Activists Lose Bid to Replace Georgia Voting System
October 12, 2020
The judge pointed to warnings from the U.S. Supreme Court asking lower courts to use restraint in ordering procedural changes so close to an election.
ATLANTA (CN) — A federal judge on Sunday again rejected voting integrity activists’ efforts to force Georgia election officials to abandon the state’s new touchscreen voting machines in favor of hand-marked paper ballots for the November election in light of security concerns.
For the fourth time since activists brought a 2017 lawsuit challenging the integrity of Georgia’s voting machines, U.S. District Judge Amy Totenberg refused to order top election officials to replace touchscreen ballot-marking devices with hand-marked paper ballots despite concerns that the voting machines are vulnerable to security risks.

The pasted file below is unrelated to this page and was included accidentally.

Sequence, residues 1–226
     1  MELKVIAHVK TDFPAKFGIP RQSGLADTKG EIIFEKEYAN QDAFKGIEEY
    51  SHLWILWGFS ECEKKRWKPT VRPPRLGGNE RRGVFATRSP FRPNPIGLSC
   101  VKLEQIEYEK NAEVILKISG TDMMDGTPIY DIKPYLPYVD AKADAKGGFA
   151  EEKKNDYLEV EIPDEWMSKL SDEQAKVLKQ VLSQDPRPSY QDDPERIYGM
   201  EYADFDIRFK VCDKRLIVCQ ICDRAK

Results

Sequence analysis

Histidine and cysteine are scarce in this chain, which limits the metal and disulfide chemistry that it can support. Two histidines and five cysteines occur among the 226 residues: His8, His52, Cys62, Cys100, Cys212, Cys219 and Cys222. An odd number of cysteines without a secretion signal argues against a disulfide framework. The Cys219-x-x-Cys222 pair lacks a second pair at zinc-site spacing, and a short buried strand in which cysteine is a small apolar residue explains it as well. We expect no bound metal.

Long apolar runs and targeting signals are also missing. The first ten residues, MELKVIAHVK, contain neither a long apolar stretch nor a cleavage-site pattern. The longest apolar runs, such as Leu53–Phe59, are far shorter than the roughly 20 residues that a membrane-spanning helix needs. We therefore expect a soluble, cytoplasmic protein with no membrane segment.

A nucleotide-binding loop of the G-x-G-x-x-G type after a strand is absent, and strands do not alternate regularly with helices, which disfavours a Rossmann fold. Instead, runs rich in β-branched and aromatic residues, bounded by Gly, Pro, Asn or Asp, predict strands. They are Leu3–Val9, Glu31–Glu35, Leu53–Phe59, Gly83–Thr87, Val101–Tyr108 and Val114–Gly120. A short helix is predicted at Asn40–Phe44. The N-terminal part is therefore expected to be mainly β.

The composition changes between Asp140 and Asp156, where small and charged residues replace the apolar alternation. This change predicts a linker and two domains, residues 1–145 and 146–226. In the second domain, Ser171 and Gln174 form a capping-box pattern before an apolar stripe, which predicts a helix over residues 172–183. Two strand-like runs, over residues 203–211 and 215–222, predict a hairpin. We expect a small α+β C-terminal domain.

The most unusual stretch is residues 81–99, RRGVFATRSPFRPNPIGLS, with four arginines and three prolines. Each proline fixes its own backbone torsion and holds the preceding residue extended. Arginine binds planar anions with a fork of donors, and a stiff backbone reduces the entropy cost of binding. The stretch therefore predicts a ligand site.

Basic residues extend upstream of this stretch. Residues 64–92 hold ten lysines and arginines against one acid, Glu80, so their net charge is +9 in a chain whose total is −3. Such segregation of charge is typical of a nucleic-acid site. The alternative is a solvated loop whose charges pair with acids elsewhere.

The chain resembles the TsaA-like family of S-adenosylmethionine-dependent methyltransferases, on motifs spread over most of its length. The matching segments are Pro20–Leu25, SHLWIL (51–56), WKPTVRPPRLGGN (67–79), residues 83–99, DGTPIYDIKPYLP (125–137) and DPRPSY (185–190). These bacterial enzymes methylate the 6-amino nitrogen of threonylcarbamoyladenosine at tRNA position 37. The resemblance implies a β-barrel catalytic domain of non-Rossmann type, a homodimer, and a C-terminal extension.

In a 147-page order issued the day before early voting began in the Peach State, Totenberg, a Barack Obama appointee, ruled that a “fundamental modification in the election system” so close to Election Day would overwhelm the secretary of state and county election offices.
“The court has already seen in the record of this case enough election chaos, operational deficiencies, and challenges on all levels, plus stress in the system spiked further by Covid-19 complications, that the court cannot embrace a rosy view of the simplicity of moving to a total, comprehensive paper ballot system with so little time to prepare for such a major transition,” the judge wrote.
However, Totenberg did order election officials to find a way to review ballot images to ensure that voting scanner software isn’t overlooking partially marked ballot ovals. The judge ordered a resolution to be developed and implemented for elections after the January 2021 runoffs for U.S. Senate.
Activists from the Coalition for Good Governance claim that the state’s new $107 million voting system places an unconstitutional burden on the right to vote because voters cannot be sure their vote is accurately counted.